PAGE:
On The Radar
ASTM International has published what appears to be the first specific standards for the design of civil vertiports and vertistops. The new F3423 standard is based on five years of work by the U.S.-based group’s F38 unmanned aircraft systems committee, but it is intended to provide guidance for ground infrastructure to be used with regard to either crewed or uncrewed vehicles, including new eVTOL models.
“The challenge in developing this standard was in balancing safety with practicality,” commented ASTM International member and working group volunteer Rex Alexander. “Without empirical aircraft performance data to rely on, the team’s goal was to develop a practical standard as a starting point that is not only safety-centric but provides municipalities with a common-sense path forward.”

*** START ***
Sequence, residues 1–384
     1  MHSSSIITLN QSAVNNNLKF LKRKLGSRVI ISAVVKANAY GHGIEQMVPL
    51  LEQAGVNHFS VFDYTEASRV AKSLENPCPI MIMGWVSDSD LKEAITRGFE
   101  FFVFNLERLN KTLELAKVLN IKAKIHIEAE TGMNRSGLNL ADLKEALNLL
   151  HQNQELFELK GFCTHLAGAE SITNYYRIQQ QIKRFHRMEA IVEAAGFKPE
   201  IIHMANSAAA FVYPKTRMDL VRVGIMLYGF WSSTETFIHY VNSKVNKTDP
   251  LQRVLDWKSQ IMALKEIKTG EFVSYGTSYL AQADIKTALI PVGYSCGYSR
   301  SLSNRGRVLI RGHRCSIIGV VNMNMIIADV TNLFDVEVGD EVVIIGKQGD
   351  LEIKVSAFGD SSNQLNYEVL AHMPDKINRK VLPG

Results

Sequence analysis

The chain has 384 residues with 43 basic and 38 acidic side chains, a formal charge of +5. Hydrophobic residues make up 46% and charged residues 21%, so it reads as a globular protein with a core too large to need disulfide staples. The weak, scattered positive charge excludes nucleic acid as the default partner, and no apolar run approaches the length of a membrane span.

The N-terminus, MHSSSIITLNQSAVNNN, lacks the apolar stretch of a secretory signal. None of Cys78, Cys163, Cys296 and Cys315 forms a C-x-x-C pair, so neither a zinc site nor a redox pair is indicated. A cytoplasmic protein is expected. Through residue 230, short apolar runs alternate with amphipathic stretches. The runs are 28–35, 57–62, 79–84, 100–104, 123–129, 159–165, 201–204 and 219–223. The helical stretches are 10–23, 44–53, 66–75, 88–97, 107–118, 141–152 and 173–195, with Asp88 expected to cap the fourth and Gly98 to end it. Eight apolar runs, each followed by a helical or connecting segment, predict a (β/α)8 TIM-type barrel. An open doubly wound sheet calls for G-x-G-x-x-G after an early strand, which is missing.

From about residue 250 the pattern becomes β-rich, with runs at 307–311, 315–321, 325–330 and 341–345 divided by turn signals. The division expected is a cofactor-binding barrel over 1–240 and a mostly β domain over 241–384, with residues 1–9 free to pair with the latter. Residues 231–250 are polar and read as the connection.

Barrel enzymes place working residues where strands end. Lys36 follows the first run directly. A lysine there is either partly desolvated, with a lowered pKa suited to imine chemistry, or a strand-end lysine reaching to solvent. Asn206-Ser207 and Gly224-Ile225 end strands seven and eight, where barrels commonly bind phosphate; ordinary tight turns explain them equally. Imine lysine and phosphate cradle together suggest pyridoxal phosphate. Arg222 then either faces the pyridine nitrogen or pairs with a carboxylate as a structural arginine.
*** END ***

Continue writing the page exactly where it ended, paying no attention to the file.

For the purposes of the F3423 document, ASTM International defines a vertiport as “a section of land, water, or structure intended for either manned or unmanned vertical takeoff and landing of aircraft, along with the associated buildings and facilities.” A vertistop is a less sophisticated setup intended to simply pick up and drop off passengers, but with no aircraft refueling, maintenance, or storage facilities available.
According to ASTM International fellow Jonathan Daniels, the F3423 standard provides scalable specifications to guide state and city authorities in the development process for the extensive infrastructure required for new advanced air mobility services. The group intends to build on the publication by using its findings as the foundation for new working groups considering issues such as automated vertiports and data services.